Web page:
2.3 Therefore the board does not see any reason to depart from the provisional opinion in this respect and judges that the amendments of claim 1 of the main request infringe Article 123(2) EPC.

3. First auxiliary request: inventive step (Article 56 EPC)

3.1 The meaning of the characterising feature "DVD audio disk" in claim 1

3.1.1 According to Article 84 EPC, the claims shall define the matter for which protection is sought. The meaning of the expressions used in the claims is determined by claim construction. In the present case, this applies in particular to the disputed meaning of the expression "DVD audio disk" in the characterising portion of claim 1.

3.1.2 It is common ground that a standard for DVD-Audio had not been established at the priority date and was still under discussion even at (and after) the filing date. Even if a standard had been established, it could have encompassed the storing of video and other data in addition to audio data. Furthermore, taking into account that non-standard DVDs were also conceivable, a generally accepted meaning of the expression "DVD audio disk" did not exist at the relevant date of the present application. Thus the reference to a "DVD audio disk" in claim 1 does not specify that the DVD disk of claim 1 may store only audio data. The description confirms that video and audio data can be recorded on a DVD-Video disk (see page 2, lines 5 to 16) and that on a "DVD audio disk" in accordance with the invention the audio information is changed in the VTSI_MAT of a DVD-Video disk (see page 25, lines 4 to 12). Discrimination between a known DVD-Video and "DVD audio" is made, according to an embodiment of the present application, by comparing the number of audio channels or the value of the sampling frequencies with the values known for DVD-Video (see page 47, lines 12 to 35, and figure 21).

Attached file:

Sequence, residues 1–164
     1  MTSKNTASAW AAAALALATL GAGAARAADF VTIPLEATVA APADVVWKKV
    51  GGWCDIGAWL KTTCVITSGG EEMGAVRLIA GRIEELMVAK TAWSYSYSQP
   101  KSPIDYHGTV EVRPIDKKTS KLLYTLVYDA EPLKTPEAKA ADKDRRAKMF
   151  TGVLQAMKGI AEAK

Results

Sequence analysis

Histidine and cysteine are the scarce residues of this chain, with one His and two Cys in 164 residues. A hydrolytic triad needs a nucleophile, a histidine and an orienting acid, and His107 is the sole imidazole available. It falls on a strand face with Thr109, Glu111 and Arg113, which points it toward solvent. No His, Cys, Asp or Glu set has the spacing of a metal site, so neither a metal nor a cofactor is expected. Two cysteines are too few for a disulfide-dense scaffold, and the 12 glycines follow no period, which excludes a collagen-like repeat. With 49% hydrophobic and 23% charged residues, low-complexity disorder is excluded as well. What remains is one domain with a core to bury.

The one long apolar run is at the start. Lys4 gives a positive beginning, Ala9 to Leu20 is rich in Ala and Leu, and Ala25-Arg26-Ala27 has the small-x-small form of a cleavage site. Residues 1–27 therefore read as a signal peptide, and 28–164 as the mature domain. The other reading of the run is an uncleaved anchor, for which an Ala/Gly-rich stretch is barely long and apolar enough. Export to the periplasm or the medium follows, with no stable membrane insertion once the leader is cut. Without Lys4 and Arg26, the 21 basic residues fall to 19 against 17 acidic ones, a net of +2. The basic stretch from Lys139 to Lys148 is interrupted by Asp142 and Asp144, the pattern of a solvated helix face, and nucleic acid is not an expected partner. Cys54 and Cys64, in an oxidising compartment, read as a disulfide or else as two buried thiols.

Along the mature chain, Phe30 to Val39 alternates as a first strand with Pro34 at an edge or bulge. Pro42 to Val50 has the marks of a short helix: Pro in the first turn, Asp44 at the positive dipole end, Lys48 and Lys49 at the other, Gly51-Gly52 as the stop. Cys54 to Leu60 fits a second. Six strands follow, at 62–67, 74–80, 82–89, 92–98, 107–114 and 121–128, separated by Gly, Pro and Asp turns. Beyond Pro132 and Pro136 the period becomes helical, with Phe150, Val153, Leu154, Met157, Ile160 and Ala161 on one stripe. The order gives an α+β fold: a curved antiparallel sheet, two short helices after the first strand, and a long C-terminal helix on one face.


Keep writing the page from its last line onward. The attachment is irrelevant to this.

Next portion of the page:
3.1.3 Furthermore, in both alternatives (a) and (b) specified in claim 1, the number of audio channels N is indicated as having a value of more than eight and of less than or equal to the respective maximum number given. And in the alternative (b) the maximum number of audio channels which is indicated is 16, even if the number of recordable audio channels, calculated using the equation specified in the claim, can be as high as 52 (see page 35, line 28, to page 37, line 4). Thus, even though the description envisages recording of audio data "up to the number of channels limited by the transmission velocity of the data and the coding mode" (see page 21, line 25, to page 22, line 2), claim 1 does not specify that the DVD disk may store only audio data.

3.1.4 The board therefore construes the expression "DVD audio disk" in the context of present claim 1 as a DVD which is suitable for use with only audio data, but may have video data.

3.2 The closest prior art